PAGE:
On the coming Day of Atonement, we will read litanies of sins, perhaps every sin imaginable, from Alef to Tav and back again, several times.
I’m not sure how helpful that is for most of us.
Knowing our Orange County Jewish communities, I venture to speculate that the vast majority of the sins we commit are in the category of hurtful speech. Mean, demeaning, deceptive speech let fly in flashes of anger or arrogance are the bulk of our sins, and they are truly damaging but, fortunately, often reparable.
A five-minute heartfelt conversation for reconciliation or restoration will do more to repair the past than a thousand hours of litanies.
However, as we review the past year, you may find as I do that the most regrettable aspect was not a sin at all. At least not a sin of action. Most regrettable were the possibilities unfulfilled; opportunities wasted; caring withheld; actions that could have brought fulfillment to ourselves, our families, and communities, but remained in the realm of Could-Have-Been.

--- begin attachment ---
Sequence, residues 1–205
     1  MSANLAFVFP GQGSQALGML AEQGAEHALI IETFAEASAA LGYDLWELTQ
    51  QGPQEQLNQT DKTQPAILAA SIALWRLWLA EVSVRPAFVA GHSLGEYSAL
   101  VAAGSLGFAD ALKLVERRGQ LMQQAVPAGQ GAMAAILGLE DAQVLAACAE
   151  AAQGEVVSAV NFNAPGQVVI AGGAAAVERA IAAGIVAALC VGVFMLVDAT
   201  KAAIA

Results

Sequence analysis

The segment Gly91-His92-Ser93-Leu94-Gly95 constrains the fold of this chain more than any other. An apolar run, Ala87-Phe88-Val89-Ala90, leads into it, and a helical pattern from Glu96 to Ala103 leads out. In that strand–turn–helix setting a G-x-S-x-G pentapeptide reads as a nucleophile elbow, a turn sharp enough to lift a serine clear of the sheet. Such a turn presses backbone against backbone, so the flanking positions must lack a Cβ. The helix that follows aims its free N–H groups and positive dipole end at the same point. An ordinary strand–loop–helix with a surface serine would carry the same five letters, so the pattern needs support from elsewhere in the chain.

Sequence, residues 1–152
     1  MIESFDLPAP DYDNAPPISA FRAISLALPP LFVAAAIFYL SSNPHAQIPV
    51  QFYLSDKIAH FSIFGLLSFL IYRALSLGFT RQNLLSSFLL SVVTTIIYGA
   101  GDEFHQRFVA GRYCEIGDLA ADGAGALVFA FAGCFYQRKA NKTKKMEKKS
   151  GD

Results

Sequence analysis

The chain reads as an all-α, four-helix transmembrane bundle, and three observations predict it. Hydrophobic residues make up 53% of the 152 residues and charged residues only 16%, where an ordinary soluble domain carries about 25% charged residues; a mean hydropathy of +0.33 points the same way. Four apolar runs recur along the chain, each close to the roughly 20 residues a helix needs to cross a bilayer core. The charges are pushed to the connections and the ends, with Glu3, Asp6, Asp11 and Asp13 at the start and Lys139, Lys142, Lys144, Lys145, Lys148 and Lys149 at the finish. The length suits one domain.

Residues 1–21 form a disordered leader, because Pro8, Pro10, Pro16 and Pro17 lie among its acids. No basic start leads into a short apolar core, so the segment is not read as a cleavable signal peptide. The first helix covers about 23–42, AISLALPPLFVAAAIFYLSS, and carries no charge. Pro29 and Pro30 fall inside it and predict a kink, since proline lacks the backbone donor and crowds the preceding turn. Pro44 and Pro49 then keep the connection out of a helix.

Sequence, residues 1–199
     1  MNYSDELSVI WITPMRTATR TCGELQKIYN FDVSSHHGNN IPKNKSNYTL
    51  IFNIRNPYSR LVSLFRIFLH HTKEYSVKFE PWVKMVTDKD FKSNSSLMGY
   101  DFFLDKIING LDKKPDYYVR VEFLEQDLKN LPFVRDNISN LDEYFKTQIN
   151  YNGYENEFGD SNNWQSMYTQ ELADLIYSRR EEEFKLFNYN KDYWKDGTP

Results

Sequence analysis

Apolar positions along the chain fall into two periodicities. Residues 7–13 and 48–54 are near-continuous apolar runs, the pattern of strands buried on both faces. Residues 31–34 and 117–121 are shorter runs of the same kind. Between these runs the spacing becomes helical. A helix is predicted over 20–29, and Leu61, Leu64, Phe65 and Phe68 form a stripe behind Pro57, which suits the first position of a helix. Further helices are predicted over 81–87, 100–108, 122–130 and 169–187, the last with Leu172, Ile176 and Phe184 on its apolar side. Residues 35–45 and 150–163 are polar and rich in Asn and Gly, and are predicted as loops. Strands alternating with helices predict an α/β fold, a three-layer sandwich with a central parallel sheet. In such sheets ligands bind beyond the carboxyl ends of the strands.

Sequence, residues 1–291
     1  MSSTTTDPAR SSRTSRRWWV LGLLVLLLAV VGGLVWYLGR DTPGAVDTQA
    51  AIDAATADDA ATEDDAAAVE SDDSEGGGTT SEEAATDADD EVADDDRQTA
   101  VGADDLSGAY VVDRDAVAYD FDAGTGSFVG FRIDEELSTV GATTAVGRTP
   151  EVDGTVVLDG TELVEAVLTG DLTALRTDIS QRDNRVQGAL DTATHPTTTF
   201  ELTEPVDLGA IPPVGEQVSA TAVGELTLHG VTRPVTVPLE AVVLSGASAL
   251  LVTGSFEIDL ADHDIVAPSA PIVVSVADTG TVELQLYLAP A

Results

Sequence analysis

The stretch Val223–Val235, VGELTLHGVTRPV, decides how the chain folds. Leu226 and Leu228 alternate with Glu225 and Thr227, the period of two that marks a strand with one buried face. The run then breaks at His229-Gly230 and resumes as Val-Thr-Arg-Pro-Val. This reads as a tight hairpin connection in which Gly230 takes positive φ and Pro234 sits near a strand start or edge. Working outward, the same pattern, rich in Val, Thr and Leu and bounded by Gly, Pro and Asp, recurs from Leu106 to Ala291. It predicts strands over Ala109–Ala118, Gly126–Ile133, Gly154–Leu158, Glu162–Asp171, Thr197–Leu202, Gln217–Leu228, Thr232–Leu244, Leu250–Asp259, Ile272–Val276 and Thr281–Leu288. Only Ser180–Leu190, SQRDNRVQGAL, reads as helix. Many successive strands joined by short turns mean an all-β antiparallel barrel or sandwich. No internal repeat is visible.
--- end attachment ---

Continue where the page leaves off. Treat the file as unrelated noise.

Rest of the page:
This Yom Kippur, we can review and consider, and briefly and productively regret the unfulfilled potentials of the past year. Then we can vividly and fruitfully survey the coming year in our minds with its openings for contribution, celebration, achievement, expression, love and fulfillment.
There is a tradition that as soon as Yom Kippur is complete, we drive the first nail to construct our Sukkot. When we have the opportunity to perform a mitzvah, we should rush to do it.
Even so, we can use the hours and days between Yom Kippur and Sukkot to “drive the nails” that will construct our futures. What can we say or do in that possibility-charged week that will move our intentions from the Realm of Dreams to the Domain of Reality?
No regrets! But if we must have regrets, let them be for what we attempted and failed rather than for what we failed to attempt.
Joshua L. Moss is a member of the Pacific Community of Cultural Jews, www.pccjews.org. He can be reached at PacifComm@aol.com.